Verdun also led to changes in the high command in Germany too, where the previous commanding general Falkenhayn was replaced by Paul von Hindenburg in August 1916 (who would later become president of Germany and as such played a role in the ascent to power of Adolf Hitler).
  
Verdun has a lasting legacy. In Germany it is frequently referred to as “die Hölle von Verdun” (‘the hell of Verdun’). In France the battle is commemorated in a more patriotic form, but since WWII, Verdun has also become a symbol of reconciliation … to the point that in a commemorative ceremony at Douaumont in 1984 the then French president Mitterrand and German chancellor Kohl were holding hands for minutes in silence.
  
Commemoration for the general public takes many forms. The huge war cemetery and ossuary of Douaumont are the core, but there are several other memorials both in Verdun and on the battlefields, many relics and what’s left of the forts can be explored and there is one excellent museum about the Battle of Verdun and WW1 in general – see below.
  
  
What there is to see: Within the city of Verdun itself, commemoration of the Battle of 1916 is limited to a few monuments and a rather cheesy war-themed “ride” in the tunnels underneath the citadel. The main sites related to the war are outside the city in the hills to the north-east around Douaumont as well as at a site beyond the former front line at Camp Marguerre:
  
  
  
  
  
A large war monument can be found on the eastern side of one of the main bridges across the Meuse, Pont Chaussée, in the centre of Verdun. This monument consists of a large bas-relief of five soldiers. It’s associated with the line “on ne passe pas” (‘they shall not pass’), famously a command to the French troops to stand their ground. Originally dedicated to the 518 people actually from the city of Verdun who perished in WW1, it now also commemorates victims of WWII.
  
In the city centre at the western end of the bridge a short walk takes you to the steps leading to the upper town. At the top stands a tall monument with the word “Verdun” on the front and a statue of Charlemagne leaning on a sword at the top. But despite that much older historical figure this monument does commemorate WW1 and is known as the Victory Monument. Inside the pedestal is a crypt that once held the books listing the names of those who fought on the French (and American) side, which are now kept elsewhere, though.
  
The Cathedral (another Notre-Dame and one of the oldest cathedrals in the country) also contains some artwork depicting scenes from the battles. The citadel from the 17th century is not publicly accessible, except for the tunnels underneath (“souterraine”).
  
That’s more or less it in dark terms. But the main merit of the city is to serve as a base from which to explore all the war-related sights in the nearby hills.
  
  
Location: in the central eastern part of France, in the Meuse department, ca. 40 miles (60 km) west of Metz, ca. 60 miles (100 km) east of Reims and 140 miles (220 km) from Paris.
  
Google Maps locators:
  
Soldiers Monument: [49.16224, 5.38798]
  
Victory Monument: [49.16126, 5.38397]
  
Cathedral Notre-Dame: [49.1595, 5.3824]
  
train station: [49.1655, 5.3796]
  
  
Access and costs: easy enough to get to as such, exploration of the war sites in the hills requires a car; not too expensive
  
Details: Verdun does have a train station with regional train connections to Metz, or to a TGV station (“Meuse”) to the south of Verdun with connections to Paris. While the city centre of Verdun is easily walkable, to get to the various war-related sites outside the city you really need a car (or motorbike).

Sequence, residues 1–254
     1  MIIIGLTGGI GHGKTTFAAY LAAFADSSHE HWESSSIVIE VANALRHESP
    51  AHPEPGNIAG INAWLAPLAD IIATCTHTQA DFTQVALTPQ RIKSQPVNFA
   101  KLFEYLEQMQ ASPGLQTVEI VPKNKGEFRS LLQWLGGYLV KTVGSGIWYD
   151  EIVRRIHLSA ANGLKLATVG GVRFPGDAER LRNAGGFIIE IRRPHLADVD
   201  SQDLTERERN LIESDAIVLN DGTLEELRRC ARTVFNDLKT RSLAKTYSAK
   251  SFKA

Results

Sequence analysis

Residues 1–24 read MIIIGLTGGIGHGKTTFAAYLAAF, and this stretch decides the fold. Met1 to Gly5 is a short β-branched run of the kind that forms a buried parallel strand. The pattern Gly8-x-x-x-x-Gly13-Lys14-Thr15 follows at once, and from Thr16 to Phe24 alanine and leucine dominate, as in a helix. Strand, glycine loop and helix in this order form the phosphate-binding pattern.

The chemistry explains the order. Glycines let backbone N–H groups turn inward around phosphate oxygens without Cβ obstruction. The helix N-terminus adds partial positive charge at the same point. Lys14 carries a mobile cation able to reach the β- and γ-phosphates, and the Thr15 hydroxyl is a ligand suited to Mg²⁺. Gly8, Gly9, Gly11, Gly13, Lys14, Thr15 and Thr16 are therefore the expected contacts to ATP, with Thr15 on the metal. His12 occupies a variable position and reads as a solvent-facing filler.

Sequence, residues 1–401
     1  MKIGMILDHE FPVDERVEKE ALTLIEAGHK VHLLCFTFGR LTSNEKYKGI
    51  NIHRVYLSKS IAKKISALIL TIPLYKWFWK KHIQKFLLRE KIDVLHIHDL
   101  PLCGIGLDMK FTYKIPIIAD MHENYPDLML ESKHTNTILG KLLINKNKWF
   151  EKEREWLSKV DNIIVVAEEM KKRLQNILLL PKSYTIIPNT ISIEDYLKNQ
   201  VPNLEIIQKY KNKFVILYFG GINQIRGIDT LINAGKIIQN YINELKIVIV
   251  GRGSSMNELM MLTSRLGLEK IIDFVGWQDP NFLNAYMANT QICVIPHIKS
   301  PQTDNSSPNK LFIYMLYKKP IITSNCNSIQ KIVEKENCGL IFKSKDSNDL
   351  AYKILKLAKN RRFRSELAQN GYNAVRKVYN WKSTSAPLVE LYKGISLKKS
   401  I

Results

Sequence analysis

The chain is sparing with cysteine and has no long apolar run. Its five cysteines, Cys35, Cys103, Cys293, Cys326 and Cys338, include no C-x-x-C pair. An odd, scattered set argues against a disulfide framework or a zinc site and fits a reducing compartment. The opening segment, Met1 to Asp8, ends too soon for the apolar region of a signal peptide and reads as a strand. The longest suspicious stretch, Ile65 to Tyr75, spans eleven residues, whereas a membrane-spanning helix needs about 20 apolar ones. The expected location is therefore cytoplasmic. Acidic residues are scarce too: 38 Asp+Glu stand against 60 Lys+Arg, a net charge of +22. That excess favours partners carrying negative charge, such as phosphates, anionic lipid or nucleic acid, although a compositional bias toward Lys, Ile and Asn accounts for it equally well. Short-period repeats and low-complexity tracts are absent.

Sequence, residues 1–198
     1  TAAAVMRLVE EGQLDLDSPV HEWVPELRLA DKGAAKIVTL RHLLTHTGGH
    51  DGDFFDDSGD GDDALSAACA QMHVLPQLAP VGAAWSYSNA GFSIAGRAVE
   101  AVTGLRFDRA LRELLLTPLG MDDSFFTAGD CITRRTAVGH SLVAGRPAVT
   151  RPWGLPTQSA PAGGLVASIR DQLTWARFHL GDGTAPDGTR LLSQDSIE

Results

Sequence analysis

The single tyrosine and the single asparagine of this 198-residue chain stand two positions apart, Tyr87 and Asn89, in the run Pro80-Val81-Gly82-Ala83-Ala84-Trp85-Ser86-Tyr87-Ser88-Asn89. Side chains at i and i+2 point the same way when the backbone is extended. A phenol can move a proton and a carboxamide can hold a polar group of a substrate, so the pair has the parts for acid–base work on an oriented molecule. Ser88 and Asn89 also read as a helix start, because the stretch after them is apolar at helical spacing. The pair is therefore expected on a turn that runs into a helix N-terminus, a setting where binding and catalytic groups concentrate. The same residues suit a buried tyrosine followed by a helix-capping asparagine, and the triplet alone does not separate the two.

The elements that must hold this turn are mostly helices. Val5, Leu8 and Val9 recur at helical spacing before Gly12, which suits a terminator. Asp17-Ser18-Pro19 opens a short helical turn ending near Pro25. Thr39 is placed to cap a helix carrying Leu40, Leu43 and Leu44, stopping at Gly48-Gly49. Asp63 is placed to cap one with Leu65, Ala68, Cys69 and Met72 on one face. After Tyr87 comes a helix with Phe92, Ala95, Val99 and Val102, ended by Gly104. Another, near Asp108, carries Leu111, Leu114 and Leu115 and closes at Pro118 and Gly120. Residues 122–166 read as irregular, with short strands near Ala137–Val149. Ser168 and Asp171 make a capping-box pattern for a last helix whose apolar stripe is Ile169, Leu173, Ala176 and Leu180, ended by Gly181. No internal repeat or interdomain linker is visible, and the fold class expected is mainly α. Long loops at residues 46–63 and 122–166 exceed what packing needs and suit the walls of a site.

Verdun is less than 4 miles (6 km) south of the A4 east-west motorway and connected to it by the D964 from exit 31 (“Verdun”).
  
Accommodation options in Verdun are plentiful and relatively affordable, but parking in the centre can be a big problem. Therefore I used the motel-like Hotel Orchidées a bit outside the centre but nearer to the road leading up the hills to the main war-related sites.
  
NOTE that you can purchase a “battlefield pass” (currently, in 2021, priced at 34 EUR) that allows access to all sites in Douaumont that charge an admission fee, as well as to the underground citadel in Verdun; that way you can save 6 EUR compared to the aggregate individual entry fees; but get this only if you really want to visit the whole lot. It is sold at the tourism bureau in Verdun, at each of the individual sites as well as online
  
  
Time required: For the city alone you wouldn’t need much time, but to explore the battle-related sites in the hills to the north-east of the city you need at least one long full day if you only want to cover the sites mentioned on this website, better two days to do it at a more leisurely pace. If you want to explore everything in depth and also go hiking deeper into the woods, then a couple of extra days would be advisable.
  
  
Combinations with other dark destinations: Comparatively minor WW1-related monuments can also be found north-west and south of Verdun, e.g. on Hill 304 or in the Argonne forest. There’s also an intact fort (Fort Falouse, not involved in the battle) south of Verdun as well as some trench reconstructions. But the closest major WW1 sites would be those in the Somme region, a ca. three-hour drive away to the north-west.
  
The nearest other dark destination listed on this website, not related to WW1 but to WWII, is the Surrender Museum in Reims, ca. 60 miles (100 km) to the west of Verdun.
  
See also under France in general.
  
  
Combinations with non-dark destinations: Verdun is pretty enough for whiling away a few hours of city walking, especially along the riverside or the pedestrianized alleys in the old town.
   
See also France in general.
  
  
   
  • Verdun 1 - by the River MeuseVerdun 1 - by the River Meuse
  • Verdun 2 - pretty chateauVerdun 2 - pretty chateau
  • Verdun 3 - war memorialVerdun 3 - war memorial
  • Verdun 4 - riverVerdun 4 - river
  • Verdun 5 - riverside dwellingsVerdun 5 - riverside dwellings
  • Verdun 6 - Porte ChausseeVerdun 6 - Porte Chaussee
  • Verdun 7 - Victory MonumentVerdun 7 - Victory Monument
  • Verdun 8 - insideVerdun 8 - inside
  • Verdun 9 - Cathedrale Notre DameVerdun 9 - Cathedrale Notre Dame